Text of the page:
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Seven EPs of Christmas doom & praise from Silber
2014 Christmas Bundle 2014 Christmas Bundle
Download all 7 EPs for just $5
For Christmas 2014 we have 7 EPs from Remora, Electric Bird Noise, Firetail, Yellow6, Small Life Form, Baptizer, & Ronja's Christmas Witch. Get them all for a discounted bundle of joy.
Firetail - Little Droner Boy Firetail - Little Droner Boy
MP3 EP 2014 | Silber 174
1 tracks, 16 minutes
$1 download
Containing a single, sixteen minute track that reduces a well-known holiday favorite to a resonant blur, Firetail’s Little Droner Boy EP is easily the most accessible of the four Silber Records' 2014 Christmas releases that I’ve heard thus far. While the previous two albums in the series (Small Life Form’s Parts for Holiday Projects and Electric Bird Noise’s Birth) would be more or less unlistenable to those raised on more mainstream types of music, Firetail’s Droner Boy (the product of musician Andrea Vascellari, better known for work done under the Lullabier name) doesn’t just have a recognizable theme as its basis, but is -gasp!- actually fairly musical.
Essentially what we have here is a manipulated version of the song “The Little Drummer Boy” that, instead of revolving around a rhythmic percussion parts, centers around an omnipresent, throbbing drone that’s heard throughout the piece in the background. The early minutes of “Little Droner Boy” include snippets of angelic choir singing the main melody as well as the accented lower vocal parts originally intended to simulate the sounds of drum rolls. While none of the words of the song can be heard in Firetail’s version, it is reassuring to at least find some familiar elements to latch onto here (even if the higher voices sound like drawn-out, resonant shrieks), and the basic framework of the original song is present in some form throughout most of the track.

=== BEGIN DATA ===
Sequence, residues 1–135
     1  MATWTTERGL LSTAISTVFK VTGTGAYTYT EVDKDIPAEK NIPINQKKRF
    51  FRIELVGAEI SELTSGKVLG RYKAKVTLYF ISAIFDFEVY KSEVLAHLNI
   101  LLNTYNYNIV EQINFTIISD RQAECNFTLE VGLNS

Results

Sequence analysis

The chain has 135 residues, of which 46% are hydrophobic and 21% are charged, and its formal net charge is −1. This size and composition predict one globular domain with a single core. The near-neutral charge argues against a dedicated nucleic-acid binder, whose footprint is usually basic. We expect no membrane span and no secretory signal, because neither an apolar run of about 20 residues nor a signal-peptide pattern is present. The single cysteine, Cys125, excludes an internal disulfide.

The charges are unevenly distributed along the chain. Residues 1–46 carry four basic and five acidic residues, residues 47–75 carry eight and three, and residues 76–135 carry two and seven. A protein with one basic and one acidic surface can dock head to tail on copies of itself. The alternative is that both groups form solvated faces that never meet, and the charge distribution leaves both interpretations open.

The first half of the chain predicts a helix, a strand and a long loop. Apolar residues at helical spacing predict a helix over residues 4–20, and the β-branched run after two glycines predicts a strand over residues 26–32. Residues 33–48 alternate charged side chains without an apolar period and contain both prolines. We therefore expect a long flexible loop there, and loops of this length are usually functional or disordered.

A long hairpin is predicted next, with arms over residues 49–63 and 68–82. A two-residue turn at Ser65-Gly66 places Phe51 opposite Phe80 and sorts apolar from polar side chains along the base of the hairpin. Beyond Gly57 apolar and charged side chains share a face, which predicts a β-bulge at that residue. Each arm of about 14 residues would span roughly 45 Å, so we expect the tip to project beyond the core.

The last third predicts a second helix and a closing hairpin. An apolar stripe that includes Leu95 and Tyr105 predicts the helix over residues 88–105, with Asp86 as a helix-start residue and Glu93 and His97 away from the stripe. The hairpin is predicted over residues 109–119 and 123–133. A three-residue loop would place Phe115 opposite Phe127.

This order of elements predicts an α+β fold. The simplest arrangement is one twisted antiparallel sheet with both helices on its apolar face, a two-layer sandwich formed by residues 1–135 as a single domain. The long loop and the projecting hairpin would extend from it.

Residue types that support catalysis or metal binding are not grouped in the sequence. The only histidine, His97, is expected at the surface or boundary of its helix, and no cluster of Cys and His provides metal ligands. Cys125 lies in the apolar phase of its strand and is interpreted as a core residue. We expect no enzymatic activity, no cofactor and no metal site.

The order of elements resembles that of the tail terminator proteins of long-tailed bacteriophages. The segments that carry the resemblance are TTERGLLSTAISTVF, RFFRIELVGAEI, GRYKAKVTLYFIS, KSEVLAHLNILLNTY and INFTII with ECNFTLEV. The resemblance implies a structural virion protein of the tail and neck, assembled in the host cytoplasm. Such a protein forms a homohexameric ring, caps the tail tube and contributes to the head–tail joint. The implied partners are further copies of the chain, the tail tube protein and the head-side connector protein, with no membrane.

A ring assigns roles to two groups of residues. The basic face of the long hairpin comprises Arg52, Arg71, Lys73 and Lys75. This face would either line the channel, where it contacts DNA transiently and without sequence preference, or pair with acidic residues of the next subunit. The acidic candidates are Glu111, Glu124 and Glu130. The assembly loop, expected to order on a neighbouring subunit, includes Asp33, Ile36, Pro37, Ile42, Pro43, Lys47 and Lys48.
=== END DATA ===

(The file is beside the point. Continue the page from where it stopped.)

The middle section of “Droner Boy” finds the piece moving as far away from the source material as it ever does, with tinkling chimes, groaning low voice parts, and occasional cadences of military snare drum being heard alongside what sounds like Darth Vader respiration. Ominous though the piece may be at this point, it also has an almost profound, religious sort of feel to it since all the high voice parts have been blended together to create a sort of godly haze which hangs over everything else going on. As it nears its conclusion, things begin to “normalize,” sounding more and more similar to the original tune before a gradual fadeout of almost hopeful reverberating chords. Lacking a big climactic moment of revelation, Little Droner Boy is also probably too drawn out to strike the fancy of those raised on a steady stream of more traditional holiday music. Still, Firetail’s addition to the Silber Christmas release series is entirely listenable and one of the few and perhaps the only volume of the 2014 releases that would have any (albeit limited) appeal to the general listening public. As much as some of the others in this series would be mighty sketchy for most listeners, Little Droner Boy is one that I’d be most inclined to recommend.